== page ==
It is possible, for the people in a nation newly-priding-itself on the depths of its divisions, to be considerate, one-to-the-other. If we are capable of a ritual-compassion-practice every year when Santa is looking, I have to believe that we can muster up some kindness and generosity of spirit in the eleven month gap between holiday seasons.

It was the day after Thanksgiving so it’s possible that the crowds were high on tryptophan, that the good mood and kindness I witnessed was turkey-induced. But, I don’t think so. I suspect the turkey consumption simply demarcates the time when we turn from our aggression-fantasy and consider our better nature. It simply feels better to lend a hand, to help another than it does to drive on top of someone’s bumper.

I appreciated the turn-of-question Kerri found in an article in Inc. magazine: instead of asking yourself, “What am I thankful for,?” a better question is, “What will I do to make others thankful?” The first question is a me-me-me question. The second turns the eye out, it first considers the needs of other people. It requires action, doing. What we experienced in the store, what we experienced at the four-way-stop, was steeped in asking the better question.

Sometimes the change we seek need not be legislated or debated or strategized; sometimes it is no more or less difficult than asking – and then practicing – a better question.

[Even though we’d hidden the store on our website, we’ve lately had a small run on Be Kind buttons. That, too, gives me hope that others out there feel as I do: a better world is not so far away. It’s as close as an act of kindness]

read Kerri’s blog post about A BETTER QUESTION

Reinvent [on saturday morning smack-dab.]

As we’ve been told, Kerri and I are simpatico. Yet, at this time of year, the vast differences in our past lives come to the surface. For instance, she’s lived in this house – now our house – for 32 years. She raised her children here. I did not have children and was mostly – until I met her – a wanderer. For Kerri, the holidays are rich with memories and traditions, meal prep for the masses, all things that she now misses. Covid has served to amplify her longing.

I’ve always had to improvise during the holidays and, were I to do an accounting of my experiences, I’d wager that I’ve spent more holidays away from rather than with family. I do not suffer the loss and yearning that Kerri suffers. My holiday memories are not fond or tradition-filled.

It was cold on Thursday but we walked a trail anyway. We held hands and talked of reinventing or rituals. It seems so much of past two years has been an exercise in disruption and loss, letting go of what-was and making space for what-will-be. The holidays in our future need not be populated with the ghosts of holidays past.

We read an article that flipped on-its-head the usual Thanksgiving question. Rather than ask, “What are you thankful for?” the article suggested we ask of ourselves, “What will you do to help others be thankful?”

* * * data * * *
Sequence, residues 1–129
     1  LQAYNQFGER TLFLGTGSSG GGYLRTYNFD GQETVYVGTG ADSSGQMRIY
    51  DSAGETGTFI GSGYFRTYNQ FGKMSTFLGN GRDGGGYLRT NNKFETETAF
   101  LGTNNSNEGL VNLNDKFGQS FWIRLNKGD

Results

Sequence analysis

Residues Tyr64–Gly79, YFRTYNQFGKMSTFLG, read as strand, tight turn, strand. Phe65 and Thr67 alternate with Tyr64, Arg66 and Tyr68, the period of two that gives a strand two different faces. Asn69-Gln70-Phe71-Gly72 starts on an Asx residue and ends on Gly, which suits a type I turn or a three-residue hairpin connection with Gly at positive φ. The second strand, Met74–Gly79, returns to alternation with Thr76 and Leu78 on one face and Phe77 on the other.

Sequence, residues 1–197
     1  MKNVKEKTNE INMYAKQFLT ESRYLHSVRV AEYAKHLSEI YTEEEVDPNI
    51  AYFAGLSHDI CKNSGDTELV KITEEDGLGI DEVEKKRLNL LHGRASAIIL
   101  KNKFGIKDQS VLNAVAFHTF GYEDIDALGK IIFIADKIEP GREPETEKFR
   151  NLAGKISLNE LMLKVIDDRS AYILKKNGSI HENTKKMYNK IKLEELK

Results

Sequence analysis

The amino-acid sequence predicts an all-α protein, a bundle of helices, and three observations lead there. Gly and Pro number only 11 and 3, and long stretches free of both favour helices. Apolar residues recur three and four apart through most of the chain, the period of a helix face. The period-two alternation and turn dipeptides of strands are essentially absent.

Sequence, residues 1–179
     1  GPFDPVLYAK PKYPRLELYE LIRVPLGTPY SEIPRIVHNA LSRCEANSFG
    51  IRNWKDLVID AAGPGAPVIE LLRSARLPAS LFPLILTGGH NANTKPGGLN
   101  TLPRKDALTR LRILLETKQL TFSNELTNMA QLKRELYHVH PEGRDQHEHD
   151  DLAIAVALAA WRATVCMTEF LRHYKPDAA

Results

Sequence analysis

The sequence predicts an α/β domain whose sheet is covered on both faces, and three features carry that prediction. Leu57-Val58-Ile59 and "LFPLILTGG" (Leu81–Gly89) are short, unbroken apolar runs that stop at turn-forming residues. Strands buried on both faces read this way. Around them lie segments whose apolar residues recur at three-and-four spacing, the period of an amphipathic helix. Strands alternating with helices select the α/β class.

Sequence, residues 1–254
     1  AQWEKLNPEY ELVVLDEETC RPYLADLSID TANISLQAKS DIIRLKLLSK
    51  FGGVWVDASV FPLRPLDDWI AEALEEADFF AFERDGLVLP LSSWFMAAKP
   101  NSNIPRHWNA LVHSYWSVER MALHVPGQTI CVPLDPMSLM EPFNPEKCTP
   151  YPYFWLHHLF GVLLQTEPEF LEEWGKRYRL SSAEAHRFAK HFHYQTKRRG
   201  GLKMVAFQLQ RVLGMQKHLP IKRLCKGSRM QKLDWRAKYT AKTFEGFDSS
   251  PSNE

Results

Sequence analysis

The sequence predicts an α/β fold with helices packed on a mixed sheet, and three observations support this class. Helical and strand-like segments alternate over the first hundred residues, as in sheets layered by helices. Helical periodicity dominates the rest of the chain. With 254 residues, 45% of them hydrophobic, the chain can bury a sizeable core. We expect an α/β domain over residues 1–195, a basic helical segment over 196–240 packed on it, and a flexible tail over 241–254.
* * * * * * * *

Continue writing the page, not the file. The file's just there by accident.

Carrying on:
It’s a good question and a great seed to plant for the ghost-of-our-holiday-future.

read Kerri’s smack-dab. blog post

smack-dab. © 2021 kerrianddavid.com

Lose The Rant [on Not-So-Flawed Wednesday]

I wrote a post and decided not to publish it. I was deeply disturbed by the news. A parade. More violence. Senseless. More and more. And more. Jim wrote that he was going to chisel into his sidewalk the now ubiquitous (to us) phrase: I just can’t believe it.

I wrote about my escape fantasy. A quiet place. A place where people know how to hold differences of opinion as a constructive force for good instead of a destructive pout to be right.

This weekend, people gathered at the gallery to see art. To experience art. Painting and sculpture and photography. I have not been in a crowd since the pandemic began and I was both wary and encouraged. I wonder about the new normal.

After the opening we made dinner for 20. Kerri’s inner composer broke through and we saw, for the first time in a long time, the light and warmth of her artistry lift and shine. She turned up the sound and asked us to listen. The music soared. I cried. It was nice to see her again.

Tomorrow is the day – just a day – isn’t that odd – that is set aside for giving thanks. I am thankful to have had a glimpse of the composer. The artist. The lift of her music. I am thankful for people who gather to share art. I am thankful for a dinner with 20, laughter, and our shared nonsense. I am thankful for Mike who finds a way forward against all odds. I am thankful that Bruce passed this way and stopped to say, “Hello.”

I am thankful that I believe that the people of the world are better than the news leads us to believe. I am thankful that I did not publish my rant. I am thankful for my escape fantasy, my quiet place.

read Kerri’s blog post about THE PATH

Ponder Before Turning [on DR Thursday]

Today is Thanksgiving Day in these sometimes-united-states. As a master of understatement and friend of Captain Obvious, I would like to suggest that this Thanksgiving is like no other.

Many of us are in quarantine so we cannot gather. In fact, with COVID-19 raging, the most loving and responsible thing we can do is NOT gather. Family relationships are strained as we peer at each other across the red/blue reality divide. Many of us have lost our jobs – all of them – so the traditional horn-of-plenty is a slightly frightening empty bucket. Thousands of us are queuing at the food banks. Homes are lost, evictions abound. Many are grieving the over quarter-million lives (so far) lost to the pandemic.

And yet…

If I understand my history, this 2020 Thanksgiving is more like the original 1621 version than our usual remembrance. Theirs was a celebration of survival. More than half of the people who arrived the previous year to establish a colony had perished. A hard winter and a raging epidemic took a heavy toll. That very first day of thanks encompassed the grief of loss as well as the gratitude for living to see another day. A successful harvest meant they had a slightly better chance of making it through the coming winter. Can you imagine their exhaustion?